Much of North Holland would be underwater if it were not for all the many ways the sea is kept away. Not an easy feat of engineering given how much of the land itself is under sea level. On our bicycle ride today we got to see a combination of high and impenetrable dikes and a  careful system of canals with water pumps at the ready. 

As global sea levels rise, may this be what coastal cities will need to do?

That is a few years away but likely inevitable. But we were not thinking about imminent flooding as we enjoyed breakfast in the garden of our Bed and Breakfast, Opperbest,  in the tiny town of Opperdoes. The B&B owners set up a table in their large garden in celebration of the arrival of a nice summer day. The canals are peaceful places on this August weekend.    

 
As we cycle along the dikes, there are placards aplenty reminding us of devaststing storms that breached theses defences several times in the last century.    

 
Even in beautiful scenery and nice weather, there is something ominous about cycling along the top of the dike with the sea on one side of you and on your other side homes and farms well below the sea. Hard to capture in a photograph but if you look closely out to sea, you can see a boat sailing on the sea at about the same level of the roof of the houses behind the dike.    Here is another angle when the bike path goes along the side of the dike instead of on top of it. The bike path itself is well below the sea on the left, which you cannot see but imagine the sea on the other side above the level of Leisa’s head.   When you do have to venture onto roads that need to be shared with cars, it is such a delight to note that they are designed  first with the cyclist in mind requiring cars to make adjustments and not the other way around. This one is actually a two-way road but cars always need to yield to cyclists. 

Lots of historic towns along the way. Here we enjoy lunch in Enkhuisen next to the Drommedaris tower gate built in 1573.   

And the port town of Hoorn with a collection of sailing vessels going back a few centuries.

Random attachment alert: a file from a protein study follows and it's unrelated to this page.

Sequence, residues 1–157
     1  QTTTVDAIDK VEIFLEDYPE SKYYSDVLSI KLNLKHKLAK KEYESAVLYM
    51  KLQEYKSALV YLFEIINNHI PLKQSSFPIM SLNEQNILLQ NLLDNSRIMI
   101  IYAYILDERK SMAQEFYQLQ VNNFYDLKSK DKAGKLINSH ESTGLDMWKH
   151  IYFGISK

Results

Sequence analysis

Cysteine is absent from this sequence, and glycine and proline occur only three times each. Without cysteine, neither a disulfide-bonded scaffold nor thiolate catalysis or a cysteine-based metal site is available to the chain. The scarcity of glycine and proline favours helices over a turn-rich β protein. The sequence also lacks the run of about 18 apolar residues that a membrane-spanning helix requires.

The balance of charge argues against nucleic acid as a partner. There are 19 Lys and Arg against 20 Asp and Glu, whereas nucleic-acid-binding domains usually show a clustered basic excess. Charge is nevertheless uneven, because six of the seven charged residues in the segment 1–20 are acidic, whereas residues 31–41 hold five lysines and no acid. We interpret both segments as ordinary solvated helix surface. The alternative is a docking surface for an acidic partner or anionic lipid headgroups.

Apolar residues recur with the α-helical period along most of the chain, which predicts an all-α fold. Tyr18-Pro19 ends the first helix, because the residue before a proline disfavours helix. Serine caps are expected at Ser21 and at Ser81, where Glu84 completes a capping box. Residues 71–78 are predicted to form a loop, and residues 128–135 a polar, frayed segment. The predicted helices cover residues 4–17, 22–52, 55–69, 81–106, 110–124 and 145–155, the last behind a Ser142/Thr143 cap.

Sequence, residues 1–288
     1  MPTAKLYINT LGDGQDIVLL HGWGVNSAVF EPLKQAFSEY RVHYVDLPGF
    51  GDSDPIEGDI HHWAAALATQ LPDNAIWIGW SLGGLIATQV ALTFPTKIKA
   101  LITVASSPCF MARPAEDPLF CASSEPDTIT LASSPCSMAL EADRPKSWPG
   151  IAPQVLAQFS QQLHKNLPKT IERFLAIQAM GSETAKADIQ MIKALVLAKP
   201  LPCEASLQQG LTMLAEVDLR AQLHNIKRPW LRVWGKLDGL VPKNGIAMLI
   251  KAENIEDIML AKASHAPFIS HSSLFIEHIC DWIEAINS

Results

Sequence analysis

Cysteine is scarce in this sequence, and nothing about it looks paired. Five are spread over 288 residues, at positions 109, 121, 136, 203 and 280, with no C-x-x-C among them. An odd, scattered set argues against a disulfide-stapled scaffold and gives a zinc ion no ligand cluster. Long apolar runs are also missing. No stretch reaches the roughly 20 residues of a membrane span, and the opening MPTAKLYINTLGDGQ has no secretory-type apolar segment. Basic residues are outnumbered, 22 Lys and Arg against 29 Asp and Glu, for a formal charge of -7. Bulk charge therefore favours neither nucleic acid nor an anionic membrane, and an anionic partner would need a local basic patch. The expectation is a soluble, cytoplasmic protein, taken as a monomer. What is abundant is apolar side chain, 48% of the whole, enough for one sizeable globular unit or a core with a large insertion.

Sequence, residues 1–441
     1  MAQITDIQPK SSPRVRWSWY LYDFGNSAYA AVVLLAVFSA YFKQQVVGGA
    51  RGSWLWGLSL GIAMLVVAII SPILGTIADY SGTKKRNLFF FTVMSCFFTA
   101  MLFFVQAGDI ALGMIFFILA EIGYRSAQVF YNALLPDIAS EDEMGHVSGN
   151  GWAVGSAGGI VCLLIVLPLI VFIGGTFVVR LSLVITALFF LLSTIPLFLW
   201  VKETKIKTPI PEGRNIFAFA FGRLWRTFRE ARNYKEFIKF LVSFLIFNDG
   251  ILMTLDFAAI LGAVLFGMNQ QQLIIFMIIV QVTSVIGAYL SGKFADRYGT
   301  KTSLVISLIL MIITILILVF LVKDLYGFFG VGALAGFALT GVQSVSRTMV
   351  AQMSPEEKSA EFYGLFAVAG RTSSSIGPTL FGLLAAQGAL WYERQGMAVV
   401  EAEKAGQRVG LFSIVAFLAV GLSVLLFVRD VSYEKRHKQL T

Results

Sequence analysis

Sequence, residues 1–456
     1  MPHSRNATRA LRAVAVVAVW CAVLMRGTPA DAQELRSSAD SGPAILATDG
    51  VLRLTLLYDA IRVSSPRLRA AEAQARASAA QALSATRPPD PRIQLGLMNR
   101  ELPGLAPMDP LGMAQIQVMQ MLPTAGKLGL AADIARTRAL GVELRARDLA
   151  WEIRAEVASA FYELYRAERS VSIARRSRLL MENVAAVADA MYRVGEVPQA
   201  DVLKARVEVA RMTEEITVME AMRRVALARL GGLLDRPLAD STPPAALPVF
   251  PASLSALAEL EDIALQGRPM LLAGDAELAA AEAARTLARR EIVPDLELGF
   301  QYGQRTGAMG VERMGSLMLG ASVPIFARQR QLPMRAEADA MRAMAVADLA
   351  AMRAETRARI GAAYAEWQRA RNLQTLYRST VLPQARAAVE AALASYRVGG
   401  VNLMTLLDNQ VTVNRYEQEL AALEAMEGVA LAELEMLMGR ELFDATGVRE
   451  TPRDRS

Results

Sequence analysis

Well, cyclists do have someone else to share the road with.   And staying at a Bed and Breakfast sure does beat setting up a tent and crawling into a sleeping bag.   And the 65km day comes to an end in Edam, yes, as in cheese, with a nice sunset along the many canals of this town.     

 And this brings Leisa and me lots of this:  

North Holland with novice to bicycle touring

How sweet is it when something you love to do is shared with someone you love?

Pretty sweet. After years of talking about touring together, last weekend another bicycle joined the extended bicycle family: A nearly new Gazelle Madeo Trekking Dames. Here it is ready for its first adventure. 

  

And here is its new owner (the one on the left). 

  

We head out to explore the curious historical landscape north of Amsterdam and only have three days to do so we get ourselves  closer by hoping on a train to Zaandam. 

  
The architecture of the Zaandam train station and environs are fun and funky. 

   
 
And soon we are along historical canals crowded with windmills and windmill gawkers. 

  
You have to hand crank your way across some of the canals on self-captained micro barge ferries connected shore to shore by a chain. 

 
 While other crossings have paid professional ferry operators. 
  
Bucolic scenery all day with little traffic of any kind. 

   
   

 After a full 70km day we arrive at the village of Opperdoes and the Opperbest Bed and Breakfast with one guest room and a wonderful four course meal prepared by the B&B owners. They welcomed us as family and we shared the meal and conversation with them. Sweet indeed. 

Zinn Titanium out for a few test rides

It has taken far too long to find time to gather all the parts and assemble this one but it is finally ready.

It is not as elegant looking as the Rivendell but the geometry is meant for my own gangly geometry.

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Here  it is before I muster the courage to cut the carbon steerer to its final length.

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Ready for the first test ride. Only one brake, no handlebar tape and some simple pedals but I can’t take the suspense any longer.

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On the dedicated cycling path.

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Now it’s ready for a second test ride. Got pedals now, handlebar tape and brakes front and rear. Smooth ride, very responsive and fits well. A bit of a wet 40km ride.

And now some images of a 50km ride to the Hook of Holland and back. A sweet Sunday outing that concludes with a sunset on the North Sea and moments later a fullmoon rises – a moon that will be eclipsed by the earth’s shadow several hours later.